My family doesn’t drink liquor all that much. My mom and dad both enjoy rum on the rocks. My mom drinks Glenfiddich as a special treat now and then. About once a year, we buy a bottle of bourbon to cook with for our pecan pie at Thanksgiving. The brand isn’t too important, because the alcohol burns off during the cooking process.
Now, I enjoy the hard stuff, and one of my favorite drinks is a whiskey sour. I don’t really like drinks that are really sweet, and I always mix drinks on the strong side.
So why do the lovely people at Jack Daniels think that I want to bake with their product, and need tips on how to host a boozy holiday party? News Flash: Women drink. In groups. A lot. We’ve been doing this for a while.
Like I said before, I do occaisonally cook with liquor. But when I’m buying tequila/vodka/tirple sec/whiskey/etc I’m usually focused on “Is this a quality product to drink”” rather than “ZOMG! SPIKED COOKIES!”.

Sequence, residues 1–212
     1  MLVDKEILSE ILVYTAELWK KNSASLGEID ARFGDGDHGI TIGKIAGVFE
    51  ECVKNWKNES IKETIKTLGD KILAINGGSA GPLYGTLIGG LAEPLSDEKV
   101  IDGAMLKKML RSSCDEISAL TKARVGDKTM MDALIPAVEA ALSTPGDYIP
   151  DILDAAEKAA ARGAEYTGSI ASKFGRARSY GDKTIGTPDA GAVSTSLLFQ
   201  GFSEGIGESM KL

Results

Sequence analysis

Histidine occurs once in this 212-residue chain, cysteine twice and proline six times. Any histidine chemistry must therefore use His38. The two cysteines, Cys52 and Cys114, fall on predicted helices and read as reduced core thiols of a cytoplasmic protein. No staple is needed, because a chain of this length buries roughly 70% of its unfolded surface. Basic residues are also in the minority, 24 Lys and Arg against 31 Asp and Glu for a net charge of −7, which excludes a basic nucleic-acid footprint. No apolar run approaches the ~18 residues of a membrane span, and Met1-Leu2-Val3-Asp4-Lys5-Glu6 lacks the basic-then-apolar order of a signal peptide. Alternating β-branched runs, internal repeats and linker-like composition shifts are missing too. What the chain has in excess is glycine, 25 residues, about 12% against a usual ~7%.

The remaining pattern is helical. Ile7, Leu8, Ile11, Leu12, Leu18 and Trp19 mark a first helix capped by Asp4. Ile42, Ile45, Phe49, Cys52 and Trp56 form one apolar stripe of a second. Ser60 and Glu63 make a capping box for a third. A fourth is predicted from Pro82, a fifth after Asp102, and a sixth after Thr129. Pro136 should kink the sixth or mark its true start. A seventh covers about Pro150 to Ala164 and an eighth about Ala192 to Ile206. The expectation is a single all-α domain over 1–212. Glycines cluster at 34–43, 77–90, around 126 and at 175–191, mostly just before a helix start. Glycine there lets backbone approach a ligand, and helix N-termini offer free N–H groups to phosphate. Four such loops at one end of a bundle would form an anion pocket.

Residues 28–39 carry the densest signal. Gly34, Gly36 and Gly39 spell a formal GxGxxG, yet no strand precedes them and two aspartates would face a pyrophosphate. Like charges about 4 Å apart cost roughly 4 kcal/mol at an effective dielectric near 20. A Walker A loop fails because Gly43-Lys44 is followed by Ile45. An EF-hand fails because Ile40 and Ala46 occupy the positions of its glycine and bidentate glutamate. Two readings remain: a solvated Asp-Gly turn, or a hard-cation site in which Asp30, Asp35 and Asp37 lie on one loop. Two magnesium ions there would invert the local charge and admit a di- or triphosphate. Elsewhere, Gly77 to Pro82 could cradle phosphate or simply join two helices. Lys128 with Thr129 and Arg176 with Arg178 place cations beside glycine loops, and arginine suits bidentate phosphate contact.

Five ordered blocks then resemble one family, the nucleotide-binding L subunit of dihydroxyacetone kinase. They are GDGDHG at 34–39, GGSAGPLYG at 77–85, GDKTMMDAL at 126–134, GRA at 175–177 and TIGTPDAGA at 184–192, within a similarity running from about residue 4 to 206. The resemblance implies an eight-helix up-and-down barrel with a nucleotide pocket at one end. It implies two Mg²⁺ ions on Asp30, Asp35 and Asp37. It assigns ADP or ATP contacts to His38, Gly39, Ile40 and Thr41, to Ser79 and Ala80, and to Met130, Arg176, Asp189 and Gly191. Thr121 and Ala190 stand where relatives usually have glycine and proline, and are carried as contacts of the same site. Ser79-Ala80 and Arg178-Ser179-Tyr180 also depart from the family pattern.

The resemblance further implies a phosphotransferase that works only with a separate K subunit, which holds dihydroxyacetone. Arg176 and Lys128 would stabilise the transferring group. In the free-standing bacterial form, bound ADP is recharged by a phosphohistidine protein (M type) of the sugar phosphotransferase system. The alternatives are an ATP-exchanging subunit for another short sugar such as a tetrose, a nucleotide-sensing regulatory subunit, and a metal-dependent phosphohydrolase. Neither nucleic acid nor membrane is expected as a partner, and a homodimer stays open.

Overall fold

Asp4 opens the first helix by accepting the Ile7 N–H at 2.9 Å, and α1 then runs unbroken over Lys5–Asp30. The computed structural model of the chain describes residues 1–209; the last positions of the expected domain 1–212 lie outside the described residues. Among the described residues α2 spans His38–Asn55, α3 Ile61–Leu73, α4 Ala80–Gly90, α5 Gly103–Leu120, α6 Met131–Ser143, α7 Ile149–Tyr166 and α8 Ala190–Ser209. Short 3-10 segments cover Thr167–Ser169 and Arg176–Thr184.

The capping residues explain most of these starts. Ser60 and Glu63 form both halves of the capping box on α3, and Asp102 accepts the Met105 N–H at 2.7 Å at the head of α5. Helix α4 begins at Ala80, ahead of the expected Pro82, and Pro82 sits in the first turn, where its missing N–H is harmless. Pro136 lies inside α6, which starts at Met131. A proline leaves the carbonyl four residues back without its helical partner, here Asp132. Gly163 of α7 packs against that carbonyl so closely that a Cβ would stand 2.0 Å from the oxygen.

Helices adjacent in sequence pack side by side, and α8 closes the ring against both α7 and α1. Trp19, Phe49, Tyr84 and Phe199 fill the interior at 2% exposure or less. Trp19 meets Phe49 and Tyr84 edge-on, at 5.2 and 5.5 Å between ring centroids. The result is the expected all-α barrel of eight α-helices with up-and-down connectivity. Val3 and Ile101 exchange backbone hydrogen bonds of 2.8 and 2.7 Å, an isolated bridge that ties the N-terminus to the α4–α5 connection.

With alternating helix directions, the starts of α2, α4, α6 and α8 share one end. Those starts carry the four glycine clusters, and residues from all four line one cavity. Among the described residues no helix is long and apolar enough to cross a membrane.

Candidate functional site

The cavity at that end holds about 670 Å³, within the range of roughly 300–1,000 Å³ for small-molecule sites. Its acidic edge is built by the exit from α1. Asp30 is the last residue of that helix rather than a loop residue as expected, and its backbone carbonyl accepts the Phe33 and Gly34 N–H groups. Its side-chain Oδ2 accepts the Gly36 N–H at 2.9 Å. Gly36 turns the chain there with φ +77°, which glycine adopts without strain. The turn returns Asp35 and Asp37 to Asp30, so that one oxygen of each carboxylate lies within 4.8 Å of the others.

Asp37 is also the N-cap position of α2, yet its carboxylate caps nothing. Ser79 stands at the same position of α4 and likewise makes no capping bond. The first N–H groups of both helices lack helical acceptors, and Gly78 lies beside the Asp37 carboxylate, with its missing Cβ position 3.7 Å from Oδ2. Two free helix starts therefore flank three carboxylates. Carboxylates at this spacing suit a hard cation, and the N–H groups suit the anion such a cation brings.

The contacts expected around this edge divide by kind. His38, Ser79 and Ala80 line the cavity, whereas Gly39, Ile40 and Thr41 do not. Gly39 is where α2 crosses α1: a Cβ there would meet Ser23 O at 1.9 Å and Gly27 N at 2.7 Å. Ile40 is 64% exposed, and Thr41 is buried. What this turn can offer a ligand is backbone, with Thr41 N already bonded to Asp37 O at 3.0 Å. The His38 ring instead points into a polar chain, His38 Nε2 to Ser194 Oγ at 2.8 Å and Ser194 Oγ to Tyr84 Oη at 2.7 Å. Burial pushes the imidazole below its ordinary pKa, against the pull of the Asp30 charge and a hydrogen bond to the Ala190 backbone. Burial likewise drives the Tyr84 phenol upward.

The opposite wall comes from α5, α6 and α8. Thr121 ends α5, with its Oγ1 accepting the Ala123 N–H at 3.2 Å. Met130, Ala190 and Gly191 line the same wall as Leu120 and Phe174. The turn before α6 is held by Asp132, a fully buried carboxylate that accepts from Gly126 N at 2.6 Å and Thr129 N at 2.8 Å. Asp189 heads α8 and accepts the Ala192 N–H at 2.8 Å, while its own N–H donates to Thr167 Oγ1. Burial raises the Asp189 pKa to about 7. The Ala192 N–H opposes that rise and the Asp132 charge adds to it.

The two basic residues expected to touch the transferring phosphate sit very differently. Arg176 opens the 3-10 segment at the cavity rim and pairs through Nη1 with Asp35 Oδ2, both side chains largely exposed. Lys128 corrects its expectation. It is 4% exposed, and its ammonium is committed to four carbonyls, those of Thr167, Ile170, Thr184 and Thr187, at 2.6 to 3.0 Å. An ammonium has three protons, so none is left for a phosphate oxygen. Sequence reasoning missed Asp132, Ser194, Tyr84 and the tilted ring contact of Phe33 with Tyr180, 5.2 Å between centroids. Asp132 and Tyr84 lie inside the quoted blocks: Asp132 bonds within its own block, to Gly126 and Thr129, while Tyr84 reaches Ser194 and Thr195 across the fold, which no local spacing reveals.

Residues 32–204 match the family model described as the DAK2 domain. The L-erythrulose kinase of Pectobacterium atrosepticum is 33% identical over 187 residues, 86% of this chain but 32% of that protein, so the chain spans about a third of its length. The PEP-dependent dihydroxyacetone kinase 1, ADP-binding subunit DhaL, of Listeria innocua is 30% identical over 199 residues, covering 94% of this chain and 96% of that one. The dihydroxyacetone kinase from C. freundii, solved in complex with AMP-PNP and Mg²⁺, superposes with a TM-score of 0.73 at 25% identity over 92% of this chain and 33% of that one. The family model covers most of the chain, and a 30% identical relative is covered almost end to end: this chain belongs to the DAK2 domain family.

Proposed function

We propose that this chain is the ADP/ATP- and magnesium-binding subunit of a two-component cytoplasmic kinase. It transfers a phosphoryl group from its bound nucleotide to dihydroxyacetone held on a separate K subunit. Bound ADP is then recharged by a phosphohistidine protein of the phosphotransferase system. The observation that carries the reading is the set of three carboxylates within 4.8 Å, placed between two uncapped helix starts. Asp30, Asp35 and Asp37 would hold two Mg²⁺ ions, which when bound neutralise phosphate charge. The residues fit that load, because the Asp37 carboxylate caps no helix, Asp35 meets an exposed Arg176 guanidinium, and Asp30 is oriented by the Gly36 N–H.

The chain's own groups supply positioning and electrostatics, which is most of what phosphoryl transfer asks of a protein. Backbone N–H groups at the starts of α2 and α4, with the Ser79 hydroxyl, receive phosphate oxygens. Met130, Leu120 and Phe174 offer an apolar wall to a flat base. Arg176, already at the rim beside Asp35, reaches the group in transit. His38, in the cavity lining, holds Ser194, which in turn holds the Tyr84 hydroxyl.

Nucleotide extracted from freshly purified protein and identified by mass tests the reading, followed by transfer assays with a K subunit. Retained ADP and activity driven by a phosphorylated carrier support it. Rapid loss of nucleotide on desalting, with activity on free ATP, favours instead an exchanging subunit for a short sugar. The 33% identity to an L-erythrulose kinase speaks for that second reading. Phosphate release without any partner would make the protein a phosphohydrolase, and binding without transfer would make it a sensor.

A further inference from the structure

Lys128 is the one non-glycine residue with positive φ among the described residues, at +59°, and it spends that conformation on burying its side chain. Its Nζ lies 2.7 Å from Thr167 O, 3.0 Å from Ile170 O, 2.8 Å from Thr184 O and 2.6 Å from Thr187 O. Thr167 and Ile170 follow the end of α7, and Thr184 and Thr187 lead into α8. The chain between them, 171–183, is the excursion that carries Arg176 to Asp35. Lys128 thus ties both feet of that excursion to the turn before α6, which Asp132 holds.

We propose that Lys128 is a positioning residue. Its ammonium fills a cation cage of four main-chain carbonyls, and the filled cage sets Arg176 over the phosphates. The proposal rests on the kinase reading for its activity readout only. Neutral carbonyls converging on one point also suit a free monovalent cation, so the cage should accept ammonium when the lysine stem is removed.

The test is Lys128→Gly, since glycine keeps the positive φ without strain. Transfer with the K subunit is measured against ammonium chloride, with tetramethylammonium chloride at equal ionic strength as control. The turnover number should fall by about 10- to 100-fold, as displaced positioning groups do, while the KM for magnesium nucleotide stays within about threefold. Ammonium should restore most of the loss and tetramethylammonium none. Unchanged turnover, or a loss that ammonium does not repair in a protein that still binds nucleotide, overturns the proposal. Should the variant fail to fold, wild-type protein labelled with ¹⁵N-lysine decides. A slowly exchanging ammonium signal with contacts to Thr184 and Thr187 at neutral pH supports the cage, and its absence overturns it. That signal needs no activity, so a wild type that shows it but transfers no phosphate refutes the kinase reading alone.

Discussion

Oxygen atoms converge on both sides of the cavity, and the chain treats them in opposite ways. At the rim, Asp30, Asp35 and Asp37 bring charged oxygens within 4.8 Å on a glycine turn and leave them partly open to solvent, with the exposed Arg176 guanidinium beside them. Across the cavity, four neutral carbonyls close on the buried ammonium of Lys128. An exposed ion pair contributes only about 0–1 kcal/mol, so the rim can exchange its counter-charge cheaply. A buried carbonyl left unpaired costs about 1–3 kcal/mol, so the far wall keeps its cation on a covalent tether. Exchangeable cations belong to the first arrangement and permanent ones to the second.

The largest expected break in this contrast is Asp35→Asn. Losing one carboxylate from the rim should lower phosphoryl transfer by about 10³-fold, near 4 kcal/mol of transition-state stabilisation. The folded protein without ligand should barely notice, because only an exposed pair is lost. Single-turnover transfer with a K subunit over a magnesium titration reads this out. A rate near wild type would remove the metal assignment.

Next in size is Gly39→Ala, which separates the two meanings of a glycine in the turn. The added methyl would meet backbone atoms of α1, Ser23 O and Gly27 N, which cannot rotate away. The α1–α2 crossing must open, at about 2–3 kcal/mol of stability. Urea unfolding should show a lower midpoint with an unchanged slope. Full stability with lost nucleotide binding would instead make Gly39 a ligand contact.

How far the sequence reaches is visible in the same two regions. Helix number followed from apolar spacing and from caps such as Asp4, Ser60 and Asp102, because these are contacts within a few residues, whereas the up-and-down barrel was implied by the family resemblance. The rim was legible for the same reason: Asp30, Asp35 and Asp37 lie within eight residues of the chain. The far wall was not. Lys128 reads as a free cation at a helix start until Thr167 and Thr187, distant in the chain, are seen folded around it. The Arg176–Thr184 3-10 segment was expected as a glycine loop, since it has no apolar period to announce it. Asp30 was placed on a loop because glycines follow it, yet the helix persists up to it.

I’d like to compare Jack Daniel’s approach to Cointreau’s website, which features videos of Dita Von Teese re-creating famous events in the history of making cocktails with Cointreau. Teese has even designed a drink for the brand, the Cointreau Teese. There is a section on the site called “Cooking With Cointreau” that feature different cooking and baking recipes, but it’s not the main feature of the site, and the video features a famous French chef, and not a gendered baking party.
Women dirnk Women have ben drinking liquor for a very long time. Jack Daniels does not need to try to get women to drink their product by featuring cookie recipes.
Then again, Jack Daniels isn’t my favorite whiskey. Maker’s Mark and Glenfiddich will continue to be my whiskies of choice.